Importance Of Speed
A site that loads quickly will have better conversion rates and more traffic. Site performance is a really important factor in Google search rankings. Google prioritises getting information to users as quickly as possible.
A site that loads slowly will lead to lower search engine rankings, less site traffic and create a poor user experience that more than likely will deter a potential customer from revisiting your site.
How to check your website’s speed:
Google’s PageSpeed tool gives you a full performance score and a breakdown of suggestions on how to make your website faster.
Ways to improve speed
Listed below are 10 ways to improve your WordPress performance and site speed without any coding.
WordPress caching plugin
A good WordPress caching plugin can make your website up to 5x faster if configured correctly. Caching plugins serve a cached version of your web page each time the user visits after their first visit.
At Apex Media, we use and recommend W3 Total Cache. This is a WordPress plugin that increases website performance by reducing load times.
- Improvement in overall site performance
- Reduced load time
- Bandwidth savings
- Improvements in search engine results
- Improved server performance
- CDN Management
- Minify CSS
- Minify JS
- Lazy Loading
Hosting plays an important role in website performance. With a shared hosting package you share resources with other websites. This means that if another website on that shared server gets a lot of traffic, it has the potential to slow down your site significantly.
Managed WordPress hosting is another option. These hosting providers give you more optimised server configurations to run WordPress. They typically also offer automatic updates, automatic backups and more WordPress specific security measures to keep your site safe.
Images can slow down websites significantly, especially if they are not optimised. Images in their original formats can have enormous file sizes. To reduce these file sizes you should export with image compression when using your image editing software. Optimising images will decrease load times and improve your SEO.
If you have a site with a lot of images you should consider using Lazy loading. Lazy loading only downloads the images and video embeds that are on-screen. All other images and embeds will be replaced by a placeholder image until the user scrolls down. The placeholder images will then be replaced by your original images as the user continues to scroll.
Using a caching plugin like W3 Total Cache, we should minify all content that can be minified and use GZIP text compression.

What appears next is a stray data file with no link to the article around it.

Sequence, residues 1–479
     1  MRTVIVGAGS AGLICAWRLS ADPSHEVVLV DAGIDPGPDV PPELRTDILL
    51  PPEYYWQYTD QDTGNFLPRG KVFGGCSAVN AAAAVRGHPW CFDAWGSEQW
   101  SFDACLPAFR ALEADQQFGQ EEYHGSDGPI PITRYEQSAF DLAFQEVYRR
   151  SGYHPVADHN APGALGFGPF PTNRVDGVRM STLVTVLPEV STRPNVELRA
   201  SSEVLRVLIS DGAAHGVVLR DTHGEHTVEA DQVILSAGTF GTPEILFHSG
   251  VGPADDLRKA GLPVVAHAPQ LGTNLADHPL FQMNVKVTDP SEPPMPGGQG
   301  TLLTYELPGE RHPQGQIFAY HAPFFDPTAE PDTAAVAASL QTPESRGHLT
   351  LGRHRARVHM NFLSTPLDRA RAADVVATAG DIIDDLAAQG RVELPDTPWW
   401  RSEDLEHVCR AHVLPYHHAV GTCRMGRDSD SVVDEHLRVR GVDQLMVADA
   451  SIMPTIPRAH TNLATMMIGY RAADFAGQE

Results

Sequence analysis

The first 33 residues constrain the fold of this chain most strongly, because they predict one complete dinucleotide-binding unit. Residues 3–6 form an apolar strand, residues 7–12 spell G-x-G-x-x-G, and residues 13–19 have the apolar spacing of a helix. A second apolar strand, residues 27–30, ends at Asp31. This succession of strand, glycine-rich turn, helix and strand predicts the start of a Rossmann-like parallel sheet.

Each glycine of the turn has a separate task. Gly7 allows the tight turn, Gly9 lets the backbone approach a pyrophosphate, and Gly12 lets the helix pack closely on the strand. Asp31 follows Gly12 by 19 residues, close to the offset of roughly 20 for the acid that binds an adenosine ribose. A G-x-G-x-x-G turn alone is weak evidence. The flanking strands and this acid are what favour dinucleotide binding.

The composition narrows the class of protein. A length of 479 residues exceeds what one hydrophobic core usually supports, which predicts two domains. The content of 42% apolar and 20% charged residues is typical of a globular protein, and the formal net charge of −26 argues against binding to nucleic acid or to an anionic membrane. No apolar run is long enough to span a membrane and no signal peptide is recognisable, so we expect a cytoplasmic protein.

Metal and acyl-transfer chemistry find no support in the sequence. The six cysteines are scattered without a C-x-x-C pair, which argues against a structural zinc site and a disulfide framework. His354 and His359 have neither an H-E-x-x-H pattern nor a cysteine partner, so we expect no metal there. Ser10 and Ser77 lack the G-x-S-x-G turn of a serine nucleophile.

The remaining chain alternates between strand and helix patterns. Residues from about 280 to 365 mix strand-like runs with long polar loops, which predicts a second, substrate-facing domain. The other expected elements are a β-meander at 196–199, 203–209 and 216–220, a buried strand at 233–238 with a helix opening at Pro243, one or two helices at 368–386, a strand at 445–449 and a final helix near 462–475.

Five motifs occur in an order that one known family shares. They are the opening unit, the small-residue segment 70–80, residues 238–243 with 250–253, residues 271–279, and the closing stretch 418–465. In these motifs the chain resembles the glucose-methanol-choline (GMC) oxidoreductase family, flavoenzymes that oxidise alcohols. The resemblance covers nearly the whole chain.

Keep your site updated
WordPress is constantly being updated. An update often comes with new features as well as bug fixes and added security measures.
We recommend always keeping your site, theme and plugins up to date. Neglecting this may slow down your site and leave your site open to security threats.
Use a CDN
Avoid video & audio files
Video and audio files can use up a lot of bandwidth. While WordPress can hold video & audio files, we strongly discourage it. YouTube and Vimeo are great third party options for hosting video and SoundCloud can be used for audio. This puts all the bandwidth load on the third party providers, all you have to do is embed the content on your site.
Use the latest PHP version
PHP is a server side language that runs on your hosting server. PHP is constantly being improved upon and each large release to date has seen significant performance boosts. Make sure to check with your host to see if they are using the latest PHP version.
You can check your PHP version by going to the WordPress dashboard, Selecting Tools > Site health and hitting the info tab.
Limit and delete old post revisions
Old post and page revisions are stored in your database. This can slow down your website as plugins may search through old revisions unnecessarily. We suggest using the WP Revisions Control plugin to delete old revisions and set a limit on post revisions going forward.
If you don’t want to use a plugin you can add the following line of code to your wp-config.php file and set the value to the number of revisions you wish to store:
define( 'WP_POST_REVISIONS', 4 );
Give it a try
We encourage you to try out these techniques and jump into a page speed tool to compare your site’s performance and health after implementation.
If you are unsure about any of these techniques or are worried about your site’s performance, we offer a free performance audit for any website.